A High Court judge has warned against the merits of appealing ‘findings of fact’ rulings.
In a recently published case, Lord Justice Kitchin said such appeals were unlikely to reverse the findings of the initial judges:
“[A]ppellate courts have been repeatedly warned by recent cases at the highest level not to interfere with findings of fact by trial judges unless compelled to do so”.
“This applies not only to findings of primary fact but also to the evaluation of those facts and to inferences to be drawn from them. The reasons for this approach include the expertise of trial judges in determining what facts are relevant to the issues to be decided and what those facts are if they are disputed”.
“[I]n making his decision the trial judge will have regard to the whole of the evidence presented to him whereas an appellate court can only consider aspects of that evidence … and duplication of the trial judge’s role on appeal is a disproportionate use of the limited resources of an appellate court and will seldom lead to a different outcome in a individual case.”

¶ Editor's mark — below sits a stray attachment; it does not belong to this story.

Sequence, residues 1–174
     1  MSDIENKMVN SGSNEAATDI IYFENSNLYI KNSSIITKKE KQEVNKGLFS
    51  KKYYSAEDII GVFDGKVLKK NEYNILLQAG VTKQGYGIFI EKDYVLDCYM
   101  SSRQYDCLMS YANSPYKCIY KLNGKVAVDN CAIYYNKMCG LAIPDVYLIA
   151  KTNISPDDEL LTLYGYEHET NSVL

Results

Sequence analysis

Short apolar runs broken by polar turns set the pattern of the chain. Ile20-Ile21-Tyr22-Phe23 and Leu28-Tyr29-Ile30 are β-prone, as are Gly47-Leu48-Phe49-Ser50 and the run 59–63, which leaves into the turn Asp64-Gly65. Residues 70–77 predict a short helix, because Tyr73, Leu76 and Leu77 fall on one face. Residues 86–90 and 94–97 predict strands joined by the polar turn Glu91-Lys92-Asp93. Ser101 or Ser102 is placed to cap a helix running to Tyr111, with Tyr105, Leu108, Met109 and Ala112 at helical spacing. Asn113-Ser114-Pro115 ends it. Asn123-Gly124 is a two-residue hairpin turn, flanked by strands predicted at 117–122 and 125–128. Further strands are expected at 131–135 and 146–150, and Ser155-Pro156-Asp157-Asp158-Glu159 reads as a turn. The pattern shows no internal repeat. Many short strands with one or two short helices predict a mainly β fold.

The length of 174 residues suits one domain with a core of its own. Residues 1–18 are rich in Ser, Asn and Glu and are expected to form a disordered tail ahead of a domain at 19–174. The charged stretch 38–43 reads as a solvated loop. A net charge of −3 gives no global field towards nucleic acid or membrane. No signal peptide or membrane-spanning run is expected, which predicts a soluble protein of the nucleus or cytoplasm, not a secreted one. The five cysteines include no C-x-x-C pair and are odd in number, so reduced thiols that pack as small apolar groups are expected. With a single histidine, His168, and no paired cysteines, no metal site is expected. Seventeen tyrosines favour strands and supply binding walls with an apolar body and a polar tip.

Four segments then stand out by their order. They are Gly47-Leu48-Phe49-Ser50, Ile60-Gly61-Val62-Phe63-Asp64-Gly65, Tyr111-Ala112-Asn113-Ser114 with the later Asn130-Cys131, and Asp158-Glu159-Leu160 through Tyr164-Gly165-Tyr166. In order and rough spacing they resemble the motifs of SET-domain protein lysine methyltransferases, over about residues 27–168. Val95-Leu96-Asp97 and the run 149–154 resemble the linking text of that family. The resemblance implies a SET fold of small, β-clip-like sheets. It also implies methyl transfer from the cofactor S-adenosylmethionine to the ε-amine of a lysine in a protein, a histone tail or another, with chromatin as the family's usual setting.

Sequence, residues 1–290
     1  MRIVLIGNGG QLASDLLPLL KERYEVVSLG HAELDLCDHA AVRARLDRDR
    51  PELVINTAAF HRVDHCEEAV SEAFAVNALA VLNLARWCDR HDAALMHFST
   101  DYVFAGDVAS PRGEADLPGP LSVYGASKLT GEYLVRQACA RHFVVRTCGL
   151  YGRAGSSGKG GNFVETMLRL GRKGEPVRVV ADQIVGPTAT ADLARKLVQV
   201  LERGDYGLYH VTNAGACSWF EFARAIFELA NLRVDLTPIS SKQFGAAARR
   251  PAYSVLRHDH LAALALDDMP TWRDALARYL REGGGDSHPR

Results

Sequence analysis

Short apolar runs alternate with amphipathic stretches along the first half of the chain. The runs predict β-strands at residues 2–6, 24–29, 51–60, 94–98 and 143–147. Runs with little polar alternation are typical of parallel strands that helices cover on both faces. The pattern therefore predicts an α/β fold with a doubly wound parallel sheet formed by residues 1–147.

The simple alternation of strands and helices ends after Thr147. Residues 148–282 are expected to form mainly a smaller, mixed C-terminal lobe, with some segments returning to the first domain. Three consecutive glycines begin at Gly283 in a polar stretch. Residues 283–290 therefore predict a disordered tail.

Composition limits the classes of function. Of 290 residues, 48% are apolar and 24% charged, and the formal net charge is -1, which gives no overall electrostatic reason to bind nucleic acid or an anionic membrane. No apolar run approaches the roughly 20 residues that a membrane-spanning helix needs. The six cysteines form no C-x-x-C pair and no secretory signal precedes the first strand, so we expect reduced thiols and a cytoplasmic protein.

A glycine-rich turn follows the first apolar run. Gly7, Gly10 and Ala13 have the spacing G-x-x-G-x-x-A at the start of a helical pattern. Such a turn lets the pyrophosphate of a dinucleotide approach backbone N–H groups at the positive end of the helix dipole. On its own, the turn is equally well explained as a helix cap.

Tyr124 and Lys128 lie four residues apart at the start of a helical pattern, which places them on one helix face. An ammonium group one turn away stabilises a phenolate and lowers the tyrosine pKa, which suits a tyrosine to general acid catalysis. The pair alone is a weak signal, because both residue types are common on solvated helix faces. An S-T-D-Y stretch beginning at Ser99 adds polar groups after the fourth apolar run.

Lord Justice Kitchin was ruling on Goyal v Goyal, which involved an application for permission to appeal against a finding of fact by HH Judge Everall.
In Judge Everall’s original ruling, the husband’s marriage was found to be valid despite the man’s claim that his wife married someone else three days before his wedding.
The couple in question set a short wedding three days before the main one in order for them to get a marriage license. This would in turn allow them to acquire a visa for travel from their home in India.
The husband claimed he could not get to the earlier, short wedding in time and that another man took his place, making his marriage invalid.
Judge Everall found the husband’s evidence “unconvincing and implausible”.
Lord Justice Kitchin agreed with the original decision and dismissed the application, satisfied the appeal would not be successful.